“I just had to find my range. (Lovlina) is so tricky. She was powerful. She will nick the shots with her long arms and that’s what we were going in there to try and do. To try and defend and then counter. She is one of the best at range. Fair play to her.
“I wasn’t nervous about the draws. I was just nervous about the occasion. Just getting the first fight out of the way and getting a feel for the venue. Now that that’s done i can start to enjoy it.
“You can draw the best first or you can draw the one in the final you were meant to have first. That’s why every fight has got to be your final. That was my final in there.”
A sprint cyclist who made the transition to endurance disciplines a few years back, Kian Emadi put in a respectable performance in the men’s 1000m time trial in Day 4, he said:
“Pretty disappointed to be honest, it was a pretty steady ride. I thought it was a technically good ride, executed a lot of little points I set out to do, but probably didn’t have the legs on the day.
“Couple of years ago the endurance guys would kind of muscle in a bit, sprinters were still historically going out quite fast (in the time trial kilo) on small gears and then dying off, but it’s now clicked that a lot of sprint guys are going out on huge gears and they’ve just got that superior minute power, they’re not dropping off they’re finishing as fast as an endurance rider by gaining a couple of seconds at the start.
“I think team pursuit is always going to come first at the moment (priorities), it’s an Olympic event. I would like to, the kilo’s quite a pure event, it’s good to put a time against the clock but team pursuit funds the programme at the moment so I’ve got to prioritise that and I enjoy that.
“(Australia) have always been historically a super-fast team, so you knew even if they didn’t break the world record, they’re still the team to beat.”
London’s Tin-Tin Ho, after the Table Tennis Women’s team bronze medal victory over Australia, said:
“She would be dominant because she has quite a powerful spinning shot. I think I had to change my tactics a bit. At first I played mainly wide and she wasn’t ready. I had to win within the first three points so I really had to use my serve-receive play.
“The set before that was really close so when I lost that I told myself that it could have gone either way. I could have lost the set before and I could have won this set so I just had to forget about it. I’ve been in that situation before where I have been up and lost. I’m really glad that this time I learned from that.
“It was really difficult. I had clear tactics to pin her more, like using my backhand spin. Playing Canada was quite good because I got the feeling for that. Just watching the timing of the ball when she uses her backhand. It stops a bit so I really have to move in.”
Kelly Sibley, from Leamington Spa, reflects on her Bronze victory with the Table Tennis team
“I just believed in myself. Australia are a very good team but we all dug in really well. It showed really today what we can do as a team and it’s fantastic to be a part of it.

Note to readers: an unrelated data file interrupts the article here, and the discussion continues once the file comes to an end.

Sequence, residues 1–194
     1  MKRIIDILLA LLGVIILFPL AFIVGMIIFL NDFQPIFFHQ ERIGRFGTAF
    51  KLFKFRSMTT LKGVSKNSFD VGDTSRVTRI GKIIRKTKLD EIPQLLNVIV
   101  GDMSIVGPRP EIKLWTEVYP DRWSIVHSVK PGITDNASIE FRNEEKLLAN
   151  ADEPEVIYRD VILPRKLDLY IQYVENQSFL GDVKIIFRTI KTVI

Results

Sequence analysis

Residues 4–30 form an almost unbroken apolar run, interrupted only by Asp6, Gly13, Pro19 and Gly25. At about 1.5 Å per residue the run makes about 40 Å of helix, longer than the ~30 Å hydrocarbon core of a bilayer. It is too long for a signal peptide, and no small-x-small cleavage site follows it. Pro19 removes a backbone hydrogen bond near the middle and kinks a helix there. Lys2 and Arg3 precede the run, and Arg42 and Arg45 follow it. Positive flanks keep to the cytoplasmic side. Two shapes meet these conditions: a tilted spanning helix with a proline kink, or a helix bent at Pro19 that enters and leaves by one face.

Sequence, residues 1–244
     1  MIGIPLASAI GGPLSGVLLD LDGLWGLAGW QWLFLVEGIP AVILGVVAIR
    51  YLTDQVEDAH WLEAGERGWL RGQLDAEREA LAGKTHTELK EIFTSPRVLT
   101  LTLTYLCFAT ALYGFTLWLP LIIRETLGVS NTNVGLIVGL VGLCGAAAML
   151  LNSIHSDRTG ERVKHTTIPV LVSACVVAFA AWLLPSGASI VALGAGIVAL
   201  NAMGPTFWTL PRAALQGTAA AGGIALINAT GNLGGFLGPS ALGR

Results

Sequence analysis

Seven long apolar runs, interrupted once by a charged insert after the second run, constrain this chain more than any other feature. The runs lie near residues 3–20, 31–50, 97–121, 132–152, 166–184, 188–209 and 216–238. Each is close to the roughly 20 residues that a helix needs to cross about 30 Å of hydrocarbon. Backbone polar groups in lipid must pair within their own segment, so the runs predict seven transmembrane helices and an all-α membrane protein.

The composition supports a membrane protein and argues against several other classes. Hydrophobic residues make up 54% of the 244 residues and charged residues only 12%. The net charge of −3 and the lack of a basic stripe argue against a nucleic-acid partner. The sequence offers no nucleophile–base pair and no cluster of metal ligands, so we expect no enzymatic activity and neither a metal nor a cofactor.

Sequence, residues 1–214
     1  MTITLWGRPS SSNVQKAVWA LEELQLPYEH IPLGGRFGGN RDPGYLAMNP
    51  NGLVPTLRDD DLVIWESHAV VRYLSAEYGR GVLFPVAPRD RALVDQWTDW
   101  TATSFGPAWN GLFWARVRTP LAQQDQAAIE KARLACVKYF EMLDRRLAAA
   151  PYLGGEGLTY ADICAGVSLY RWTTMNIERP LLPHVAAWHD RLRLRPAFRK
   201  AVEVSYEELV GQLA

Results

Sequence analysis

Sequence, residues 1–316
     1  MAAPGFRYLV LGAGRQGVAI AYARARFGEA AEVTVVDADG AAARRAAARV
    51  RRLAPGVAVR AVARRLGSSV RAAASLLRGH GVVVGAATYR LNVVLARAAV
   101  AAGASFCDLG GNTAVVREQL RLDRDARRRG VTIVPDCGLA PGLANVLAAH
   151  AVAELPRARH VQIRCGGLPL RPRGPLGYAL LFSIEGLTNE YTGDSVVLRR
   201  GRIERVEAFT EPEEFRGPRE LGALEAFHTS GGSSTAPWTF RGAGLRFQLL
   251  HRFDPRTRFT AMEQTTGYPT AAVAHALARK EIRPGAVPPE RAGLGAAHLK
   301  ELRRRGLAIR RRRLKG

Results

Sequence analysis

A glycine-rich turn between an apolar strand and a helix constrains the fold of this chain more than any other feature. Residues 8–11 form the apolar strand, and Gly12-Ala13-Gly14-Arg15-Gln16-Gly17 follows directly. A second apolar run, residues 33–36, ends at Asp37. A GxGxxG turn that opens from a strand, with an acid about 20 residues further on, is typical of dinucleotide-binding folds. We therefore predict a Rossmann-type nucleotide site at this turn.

“My mum and dad are here so it’s fantastic to do this in from of them but also my wife is at home, she’s been supporting and getting up at silly hours in the morning, so this medal is really for my family, to say thank you so much for always being there and support me.
“I’ve got a lot of experience, this is my 4thgame and actually the first that I’ve won as a part of a team. We were really good as a team, good team spirit and I’m so proud of all the girls.”
After Team England’s triumph in the women’s table tennis team event to claim bronze from Australia, Maria Tsaptsinos, from Reading, had this to say:
“Words can’t describe how happy I am right now, first Commonwealth Games, first medal, I’m just so happy for all the girls. Kelly, this is her last Commonwealth Games, never got a team medal, I’m just so happy for all of them.
“Tin-tin, 2-1 up in the last game, 10-9 and I was going ‘this is it!’, lost that one, but she got it back so everything’s good.
“We’d all got given skirts and the team were winding me up for weeks on end saying I have to wear it, the team’s wearing it you have to wear it, and I was like ‘I’m not wearing a skirt’, so if we won a medal we’d jump in the pool fully clothed and I’d wear a skirt in my first doubles match.”
Adam Peaty, from Uttoxeter, after winning his heat in the 50m breaststroke said:
“The last few days on the 100 haven’t been what I wanted them to be. I’ve been going out there with expectations. With that kind of pressure on myself. Tonight was the first night where I actually enjoyed it. Actually enjoyed swimming the race. I was completely relaxed before it. I’m glad I came here because I have learned so much these last few days than I have the last two years. From Rio, how can you learn from such an amazing performance. How can you keep learning from last year. Moments like this is where you collect all that learning and hopefully that’s going to help me to Tokyo now.
“I’ve been chatting to a few people. A few people come up to me because I look disappointed. I was about my performance yesterday. Even though it was a gold a lot of people don’t understand what I’m trying to achieve. Coming out there tonight, a lot of people just said to me to enjoy it. I want to be able to look back in ten years time and say I gave it my best chance. But I don’t want to look back and say that I took it too seriously and have a laugh along the way. Today I’ve had a laugh with my mates. Just relax a bit. It’s the Commonwealth Games in an amazing country. Grateful to be here.